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With all due respect to pundits who write about "transformative moments" and "tipping points," I'm not sure that such phenomena exist any more. In this digital age, change is accumulative. One can intuit change by studying pop culture as it shifts and morphs, long before there's a big-bang moment that seems to indicate a massive rearrangement.

Take Donald Trump. Or as NBC is saying, "Please, just take him, we don't want him around our network." That's because of the outrageous racist propaganda he's been spewing in his ludicrous circus act of a bid for the Republican presidential nomination.

Jon Stewart may refer to Trump as "clownstick" and it's true that Trump is laughably unsuited to hold any office except village idiot of American capitalism, but his TV career is an interesting story.

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It's over, that career. It was over years ago. What Trump is doing now is a craven attempt at re-establishing his name and polishing his brand. Such as it is.

Trump's impact on TV is anchored in The Apprentice. A competitive business-reality show with the prize being a job for a year running one of Trump's companies, it started airing on NBC in January, 2004. And it was an immediate hit.

The air date is relevant. It was a period of wild optimism about the Wild West that was Wall Street at the time. The public was fascinated by outrageous sales tactics and the astonishing wealth of young people working in banking, the stock market and real estate.

The contestants on The Apprentice instinctively played up the image of ruthless sharks willing to do anything, bend any rule to make a fortune. The more outlandish the tactics and business savvy, the more popular the contestant as temporary reality-TV icon.

By 2008, when a financial crisis changed everything, The Apprentice was dead as a TV phenomenon. It had lost its novelty value and the public was wary of business sharks and tycoons who had, in fact, led the world to the brink of financial disaster. The opulence celebrated by Trump and coveted by Apprentice contestants was obnoxious, not representative of exuberance.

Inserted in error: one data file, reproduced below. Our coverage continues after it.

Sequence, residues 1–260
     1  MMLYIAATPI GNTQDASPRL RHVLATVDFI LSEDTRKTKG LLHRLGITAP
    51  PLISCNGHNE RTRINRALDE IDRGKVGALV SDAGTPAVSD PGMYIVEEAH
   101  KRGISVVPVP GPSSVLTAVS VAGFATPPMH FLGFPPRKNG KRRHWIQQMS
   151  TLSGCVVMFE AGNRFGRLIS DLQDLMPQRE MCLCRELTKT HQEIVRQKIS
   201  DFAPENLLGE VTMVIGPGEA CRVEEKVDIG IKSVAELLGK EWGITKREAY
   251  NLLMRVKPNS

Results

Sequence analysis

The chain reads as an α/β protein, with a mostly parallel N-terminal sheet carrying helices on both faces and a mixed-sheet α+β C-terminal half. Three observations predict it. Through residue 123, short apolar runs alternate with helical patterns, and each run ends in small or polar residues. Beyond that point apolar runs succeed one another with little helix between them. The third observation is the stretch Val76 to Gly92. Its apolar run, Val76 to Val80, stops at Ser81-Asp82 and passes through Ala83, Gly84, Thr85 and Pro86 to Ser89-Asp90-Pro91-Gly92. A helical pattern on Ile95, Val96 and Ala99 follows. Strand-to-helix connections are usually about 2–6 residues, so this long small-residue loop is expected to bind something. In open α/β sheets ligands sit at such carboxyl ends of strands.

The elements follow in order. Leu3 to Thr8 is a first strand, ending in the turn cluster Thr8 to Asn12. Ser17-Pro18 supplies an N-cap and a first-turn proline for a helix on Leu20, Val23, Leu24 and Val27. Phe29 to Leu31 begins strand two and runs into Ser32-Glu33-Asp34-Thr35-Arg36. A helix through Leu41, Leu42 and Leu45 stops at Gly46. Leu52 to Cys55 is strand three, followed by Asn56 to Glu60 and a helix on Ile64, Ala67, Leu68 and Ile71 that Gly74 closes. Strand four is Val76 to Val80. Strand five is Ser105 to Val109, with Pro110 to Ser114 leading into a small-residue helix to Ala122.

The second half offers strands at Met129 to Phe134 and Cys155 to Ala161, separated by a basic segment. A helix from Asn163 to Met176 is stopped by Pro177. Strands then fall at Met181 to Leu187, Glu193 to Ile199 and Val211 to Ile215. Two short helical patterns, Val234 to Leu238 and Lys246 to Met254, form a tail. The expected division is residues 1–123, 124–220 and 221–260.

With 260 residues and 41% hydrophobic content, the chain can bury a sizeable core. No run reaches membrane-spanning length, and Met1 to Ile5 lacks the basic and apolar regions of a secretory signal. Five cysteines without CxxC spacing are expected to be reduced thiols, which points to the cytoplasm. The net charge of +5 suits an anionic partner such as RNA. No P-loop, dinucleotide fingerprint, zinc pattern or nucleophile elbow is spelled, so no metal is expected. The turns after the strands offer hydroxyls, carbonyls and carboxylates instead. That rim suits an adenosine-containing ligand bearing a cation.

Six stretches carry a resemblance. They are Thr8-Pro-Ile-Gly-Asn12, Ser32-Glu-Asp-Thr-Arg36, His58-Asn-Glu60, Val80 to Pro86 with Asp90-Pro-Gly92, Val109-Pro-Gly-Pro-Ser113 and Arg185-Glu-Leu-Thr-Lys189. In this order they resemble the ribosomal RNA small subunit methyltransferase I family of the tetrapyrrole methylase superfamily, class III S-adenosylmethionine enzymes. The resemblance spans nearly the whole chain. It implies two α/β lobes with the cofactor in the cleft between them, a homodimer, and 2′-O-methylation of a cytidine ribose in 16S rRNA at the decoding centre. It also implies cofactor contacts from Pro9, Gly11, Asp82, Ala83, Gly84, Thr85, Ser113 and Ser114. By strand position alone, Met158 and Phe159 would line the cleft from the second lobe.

And by the way, at about the time The Apprentice was fading, in fall, 2007, Jordan Belfort's memoir The Wolf of Wall Street was published – a cautionary tale about an ambitious guy who went from apprentice at a brokerage house to heading his own investment firm, and then on to jail and ruin.

The Apprentice was replaced in 2008 by The Celebrity Apprentice, essentially a cartoon version of the original and a show about celebrities of varying fame and accomplishment competing to win money for a charitable organization of their choice.

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The Celebrity Apprentice never had the same appeal as the original because the viewing public was disgusted already by Wall Street antics and that dynamic was not an option for the series. It has fitfully remained on the air thanks to a standard curiosity about has-been celebrities and an opportunity to see more contemporary celebrities outside of their usual roles. Also, in pure capitalist terms, it has been an extremely cheap show for NBC to produce.

What Trump has been doing since the original Apprentice faded away is two things. First, he's been using politics to market himself. Every clumsy, loudmouth foray into U.S. politics is less about a political agenda than it is about furthering his fame, allowing him to charge even more money to lend his name to golf courses, hotels or whatever else he endorses. It's about him staying in the public eye as a celebrity.

Ironically, what he's doing is mimicking the behaviour of the brash, attention-seeking candidates on the original version of The Apprentice.

Secondly, he's articulating a longing for the pre-2008 period of rampant, less-regulated capitalist schemes. That's when he made a lot of money. That's when all his brazen crassness and vulgar opulence was something to be admired, not abhorred, as it is now.

In this, Trump is again a representative figure. While his racist remarks about Mexico are loathsome, there is this other thing about him that's troubling. Every time he's on TV, he represents those people who want the post-2008 period in business wiped out. Politics is just a vehicle to peddle that notion.

A "clownstick" Trump might be, but he was zeitgeist-archetype before and, that he might be now, is worrying.

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Even would-be village idiots can be figures who tell us what's happening, long before tipping points occur.

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